Venezuela Refugees: Bogotá, Colombia
After years of worsening economic conditions and increasing violence, millions of Venezuelans have had to make the difficult decision to leave their home country and seek refuge elsewhere. Today, more than four million Venezuelans have fled their home country, with most of them living in Colombia. CAMA has been partnering with the Colombian Alliance in several locations, including a shelter in Ipiales, medical work in Armenia, and a food program in the capital city of Bogotá, where Virna and Luisa’s families have sought refuge.
Virna arrived in Bogotá with her youngest daughter and eight-year-old grandson. They made the journey on foot, which took them a year. When she arrived in Bogotá, her shoes were so worn that they were literally being held together by threads. They had the clothes they had worn, and nothing more. Virna’s oldest daughter was already there, so they moved in with her into an apartment which was just nine square meters shared with 15 other people.
Virna had heard about the Lord in Venezuela but hadn’t been connected with believers in a long time. Now in Bogotá, she heard about Betel Alliance Church and was greeted warmly by the pastors and community there.
Virna found she could almost make ends meet by selling hamburger patties on the street, but that barely covered rent. In partnership with CAMA, Betel Alliance Church started offering a meals program for refugees, which came at just the right time, as her daughter and grandson were badly malnourished.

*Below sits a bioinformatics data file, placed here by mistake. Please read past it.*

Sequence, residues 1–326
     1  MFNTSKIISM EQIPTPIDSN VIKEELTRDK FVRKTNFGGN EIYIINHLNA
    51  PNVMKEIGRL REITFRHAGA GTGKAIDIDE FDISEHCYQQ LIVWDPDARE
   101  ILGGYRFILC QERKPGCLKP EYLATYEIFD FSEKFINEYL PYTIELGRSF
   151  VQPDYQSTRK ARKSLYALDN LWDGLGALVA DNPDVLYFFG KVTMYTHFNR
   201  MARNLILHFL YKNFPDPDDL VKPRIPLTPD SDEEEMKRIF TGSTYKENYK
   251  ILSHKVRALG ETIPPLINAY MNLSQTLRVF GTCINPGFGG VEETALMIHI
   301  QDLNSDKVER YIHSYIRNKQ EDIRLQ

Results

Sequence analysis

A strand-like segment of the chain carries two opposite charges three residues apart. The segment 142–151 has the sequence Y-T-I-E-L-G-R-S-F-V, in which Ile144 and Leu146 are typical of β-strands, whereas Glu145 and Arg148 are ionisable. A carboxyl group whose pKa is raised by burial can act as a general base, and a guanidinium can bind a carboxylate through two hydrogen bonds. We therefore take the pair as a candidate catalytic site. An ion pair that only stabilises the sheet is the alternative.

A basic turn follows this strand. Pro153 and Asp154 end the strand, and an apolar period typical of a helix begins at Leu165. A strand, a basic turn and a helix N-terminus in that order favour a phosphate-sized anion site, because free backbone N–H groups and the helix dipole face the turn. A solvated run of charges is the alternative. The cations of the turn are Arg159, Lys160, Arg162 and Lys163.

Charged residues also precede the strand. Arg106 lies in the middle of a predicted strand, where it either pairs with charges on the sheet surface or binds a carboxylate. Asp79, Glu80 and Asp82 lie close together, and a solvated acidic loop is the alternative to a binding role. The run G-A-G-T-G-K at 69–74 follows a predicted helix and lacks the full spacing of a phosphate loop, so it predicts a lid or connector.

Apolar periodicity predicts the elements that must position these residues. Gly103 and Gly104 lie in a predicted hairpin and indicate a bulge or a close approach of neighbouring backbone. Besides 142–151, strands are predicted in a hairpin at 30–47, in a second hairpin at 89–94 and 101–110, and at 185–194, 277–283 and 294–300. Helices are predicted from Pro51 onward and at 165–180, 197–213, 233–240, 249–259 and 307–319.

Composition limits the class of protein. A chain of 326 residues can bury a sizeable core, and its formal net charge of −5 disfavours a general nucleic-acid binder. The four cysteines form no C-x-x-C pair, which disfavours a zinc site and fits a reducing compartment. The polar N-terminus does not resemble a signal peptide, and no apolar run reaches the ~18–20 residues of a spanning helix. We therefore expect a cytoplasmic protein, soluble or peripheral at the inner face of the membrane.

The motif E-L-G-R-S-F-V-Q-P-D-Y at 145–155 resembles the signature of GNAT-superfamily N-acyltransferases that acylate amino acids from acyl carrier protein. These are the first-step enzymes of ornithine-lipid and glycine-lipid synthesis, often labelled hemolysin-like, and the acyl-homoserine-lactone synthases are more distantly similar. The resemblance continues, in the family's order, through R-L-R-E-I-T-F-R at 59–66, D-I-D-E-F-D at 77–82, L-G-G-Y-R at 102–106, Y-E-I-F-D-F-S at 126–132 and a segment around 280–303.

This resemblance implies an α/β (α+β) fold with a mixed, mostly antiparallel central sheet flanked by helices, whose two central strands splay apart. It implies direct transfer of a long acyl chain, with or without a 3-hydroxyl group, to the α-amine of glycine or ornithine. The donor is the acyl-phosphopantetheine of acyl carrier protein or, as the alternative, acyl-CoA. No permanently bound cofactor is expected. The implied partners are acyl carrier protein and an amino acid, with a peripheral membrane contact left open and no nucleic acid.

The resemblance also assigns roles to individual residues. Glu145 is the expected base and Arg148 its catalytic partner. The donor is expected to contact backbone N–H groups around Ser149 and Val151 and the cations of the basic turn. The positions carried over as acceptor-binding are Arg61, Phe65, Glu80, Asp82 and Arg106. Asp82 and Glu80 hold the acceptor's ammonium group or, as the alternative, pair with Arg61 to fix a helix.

After experiencing love through Betel’s food program, Virna felt convicted to give back. She made the decision to volunteer herself in the dining room. “For many, a plate of food must seem like very little,” Virna said. “But for people who start from scratch in a country, it is a lot—even more so when accompanied with a message of hope.
“My service in the dining room has filled me with deep joy, seeing my brethren come to not only feed their bodies but their spirits with the words of encouragement that God continually places in the hearts of our pastors and volunteers. Today, we live in a better place with a bathroom and a kitchen, and I have been able to grow in the knowledge of the Word through the church.”
Luisa was a nutritionist in her home in Venezuela. She arrived in Bogotá with her husband and seven other family members, including her mother and grandmother. They arrived with a small amount of money, which they used to set up a street cart to sell cell phone accessories.
Luisa decided to search for a church in Bogotá because someone in Venezuela had shared the gospel with her. She became connected with Betel Alliance and instantly began to feel like she was at “home.” She started taking membership classes in the church and inviting other refugees.
Luisa was burdened for the needs of her fellow Venezuelans and began working with the dining room ministry and advocating on behalf of the refugees. One of the great joys of this dining room ministry has been seeing how those most in need are encouraged and empowered, so that they are able to give back with compassion to their community.
Luisa arranged a missions trip back into Venezuela to take supplies and evangelical materials through the outreach department at Betel. This trip resulted in aid being sent into prisons and hospitals in Venezuela.
Luisa has since set up an informal employment network, assisting new refugees in finding safe and healthy ways to work in Bogotá, while continuing to work to make sure that her fellow countrymen have food security and a church connection in their new home.
Alliance Women is seeking prayer and financial support for this project. GIVE today.